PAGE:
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Can Anthony Bennett Shed Premature Bust Label with Minnesota Timberwolves?

After a disastrous rookie season, there’s little that can be more beneficial than some re-calibrated expectations and a fresh start somewhere new.

By being traded to the Minnesota Timberwolves as a part of the Kevin Love deal, Anthony Bennett will get just that.

The Cleveland Cavaliers shocked the world when they took Bennett with the first overall pick in the 2013 draft. Then he put forth one of the very worst rookie campaigns we’ve seen out of a top overall pick in quite some time.

Sean Highkin of Sports on Earth explained why things went wrong:

Bennett’s rookie year was a nightmare on every level. Coming off shoulder surgery that ended his UNLV career, he showed up out of shape, averaged just 12 minutes per game while missing 30 games, and was generally awful when he did play for the Cavs. He averaged just 4.2 points and three rebounds per game and became the first No. 1 pick to not make either the first or second All-Rookie team due to non-injury reasons since Kwame Brown in 2002. His college nickname, “Big Daddy Canada,” became less about his impact and more about his weight. Even in a draft as weak as 2013, the pressure of being a top pick weighed on him and destroyed his confidence. At one point, he temporarily deleted his Twitter account because the hateful messages became too overwhelming.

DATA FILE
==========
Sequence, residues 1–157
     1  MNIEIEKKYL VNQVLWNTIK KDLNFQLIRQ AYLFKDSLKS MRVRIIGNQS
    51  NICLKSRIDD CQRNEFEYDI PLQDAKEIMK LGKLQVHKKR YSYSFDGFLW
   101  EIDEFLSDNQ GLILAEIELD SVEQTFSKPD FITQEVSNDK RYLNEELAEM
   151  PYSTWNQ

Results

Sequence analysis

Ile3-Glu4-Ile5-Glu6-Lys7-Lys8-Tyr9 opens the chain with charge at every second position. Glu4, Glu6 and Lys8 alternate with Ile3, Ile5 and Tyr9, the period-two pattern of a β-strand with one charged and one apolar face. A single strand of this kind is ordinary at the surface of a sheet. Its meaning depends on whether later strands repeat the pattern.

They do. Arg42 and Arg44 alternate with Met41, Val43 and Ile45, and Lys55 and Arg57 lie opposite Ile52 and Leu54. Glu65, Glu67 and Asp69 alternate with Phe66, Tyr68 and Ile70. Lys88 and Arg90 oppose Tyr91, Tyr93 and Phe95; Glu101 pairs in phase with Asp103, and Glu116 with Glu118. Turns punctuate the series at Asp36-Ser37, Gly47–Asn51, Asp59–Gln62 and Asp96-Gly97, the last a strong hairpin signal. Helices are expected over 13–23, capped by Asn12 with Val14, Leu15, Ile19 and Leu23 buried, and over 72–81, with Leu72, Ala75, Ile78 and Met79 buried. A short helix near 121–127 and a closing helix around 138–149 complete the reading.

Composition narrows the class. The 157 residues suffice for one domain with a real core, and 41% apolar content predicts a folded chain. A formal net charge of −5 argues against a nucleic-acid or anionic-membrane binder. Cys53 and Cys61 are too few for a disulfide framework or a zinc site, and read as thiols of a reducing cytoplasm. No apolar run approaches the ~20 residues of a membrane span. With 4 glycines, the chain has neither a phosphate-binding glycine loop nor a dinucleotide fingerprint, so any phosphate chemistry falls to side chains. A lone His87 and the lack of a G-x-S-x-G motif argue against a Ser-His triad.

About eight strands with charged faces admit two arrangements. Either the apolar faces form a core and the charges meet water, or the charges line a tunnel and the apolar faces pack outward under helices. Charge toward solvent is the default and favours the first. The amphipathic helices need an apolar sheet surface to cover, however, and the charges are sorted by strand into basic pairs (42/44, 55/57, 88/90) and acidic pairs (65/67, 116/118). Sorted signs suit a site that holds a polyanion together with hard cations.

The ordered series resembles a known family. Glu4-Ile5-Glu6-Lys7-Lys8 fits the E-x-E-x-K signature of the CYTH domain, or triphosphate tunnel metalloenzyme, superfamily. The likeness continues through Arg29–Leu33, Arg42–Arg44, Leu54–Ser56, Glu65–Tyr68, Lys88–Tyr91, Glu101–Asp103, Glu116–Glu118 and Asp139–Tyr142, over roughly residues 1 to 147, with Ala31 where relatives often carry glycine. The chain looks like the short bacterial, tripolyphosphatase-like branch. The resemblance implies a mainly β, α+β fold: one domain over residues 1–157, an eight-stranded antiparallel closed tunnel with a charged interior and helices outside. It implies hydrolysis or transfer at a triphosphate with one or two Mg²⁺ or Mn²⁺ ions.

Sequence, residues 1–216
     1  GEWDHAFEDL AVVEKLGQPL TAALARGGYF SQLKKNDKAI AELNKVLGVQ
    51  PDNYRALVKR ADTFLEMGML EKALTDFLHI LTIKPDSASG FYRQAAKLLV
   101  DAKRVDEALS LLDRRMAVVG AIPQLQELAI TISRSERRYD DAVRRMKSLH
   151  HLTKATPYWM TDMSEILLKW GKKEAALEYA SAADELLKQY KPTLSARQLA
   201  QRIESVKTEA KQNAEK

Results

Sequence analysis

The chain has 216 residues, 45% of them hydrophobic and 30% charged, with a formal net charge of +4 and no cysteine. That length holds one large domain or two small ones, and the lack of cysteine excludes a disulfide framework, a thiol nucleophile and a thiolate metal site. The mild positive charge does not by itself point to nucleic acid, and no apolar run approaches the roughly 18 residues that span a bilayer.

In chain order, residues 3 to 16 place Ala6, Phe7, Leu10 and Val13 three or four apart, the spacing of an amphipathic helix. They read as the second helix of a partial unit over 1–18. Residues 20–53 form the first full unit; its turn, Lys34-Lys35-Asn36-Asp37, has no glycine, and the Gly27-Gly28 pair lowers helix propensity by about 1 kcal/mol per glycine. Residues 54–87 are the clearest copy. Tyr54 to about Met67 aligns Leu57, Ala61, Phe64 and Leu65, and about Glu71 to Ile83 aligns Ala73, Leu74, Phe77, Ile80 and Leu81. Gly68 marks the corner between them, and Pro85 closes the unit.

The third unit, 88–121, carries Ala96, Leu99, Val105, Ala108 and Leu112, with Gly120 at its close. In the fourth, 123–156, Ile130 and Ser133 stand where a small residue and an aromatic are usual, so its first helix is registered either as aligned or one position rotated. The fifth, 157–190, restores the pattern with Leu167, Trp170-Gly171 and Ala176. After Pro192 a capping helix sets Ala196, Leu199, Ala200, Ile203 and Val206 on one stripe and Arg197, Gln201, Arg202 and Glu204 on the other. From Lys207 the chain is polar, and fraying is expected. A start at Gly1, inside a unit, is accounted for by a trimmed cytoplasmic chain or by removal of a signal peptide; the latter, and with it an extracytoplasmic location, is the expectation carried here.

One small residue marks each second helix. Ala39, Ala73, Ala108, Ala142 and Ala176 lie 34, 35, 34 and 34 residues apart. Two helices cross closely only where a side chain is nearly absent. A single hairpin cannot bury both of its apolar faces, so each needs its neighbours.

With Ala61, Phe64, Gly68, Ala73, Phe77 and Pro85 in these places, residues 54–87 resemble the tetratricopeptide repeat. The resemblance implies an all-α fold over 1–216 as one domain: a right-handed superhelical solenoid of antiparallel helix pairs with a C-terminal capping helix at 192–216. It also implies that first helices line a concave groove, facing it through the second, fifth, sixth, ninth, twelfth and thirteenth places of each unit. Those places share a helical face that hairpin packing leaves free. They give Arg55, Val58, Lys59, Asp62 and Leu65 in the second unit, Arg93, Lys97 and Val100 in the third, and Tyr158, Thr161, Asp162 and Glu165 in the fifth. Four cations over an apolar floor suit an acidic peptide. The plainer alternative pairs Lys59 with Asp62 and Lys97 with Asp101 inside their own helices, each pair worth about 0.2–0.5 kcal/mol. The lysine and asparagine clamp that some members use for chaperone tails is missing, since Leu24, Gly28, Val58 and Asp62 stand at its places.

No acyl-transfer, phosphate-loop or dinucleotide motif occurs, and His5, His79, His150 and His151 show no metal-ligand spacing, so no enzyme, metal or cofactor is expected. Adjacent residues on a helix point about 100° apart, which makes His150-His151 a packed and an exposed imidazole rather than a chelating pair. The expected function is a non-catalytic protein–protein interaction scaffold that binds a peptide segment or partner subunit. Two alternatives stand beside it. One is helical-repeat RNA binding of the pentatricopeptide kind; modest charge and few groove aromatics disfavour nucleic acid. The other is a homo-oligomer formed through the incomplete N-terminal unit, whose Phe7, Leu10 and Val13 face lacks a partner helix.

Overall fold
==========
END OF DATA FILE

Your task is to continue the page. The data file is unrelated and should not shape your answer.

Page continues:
“I just put a lot of pressure on myself,” Bennett said on Sunday. “Things weren’t going right for me. Everything just collapsed and built up. I got down on myself.”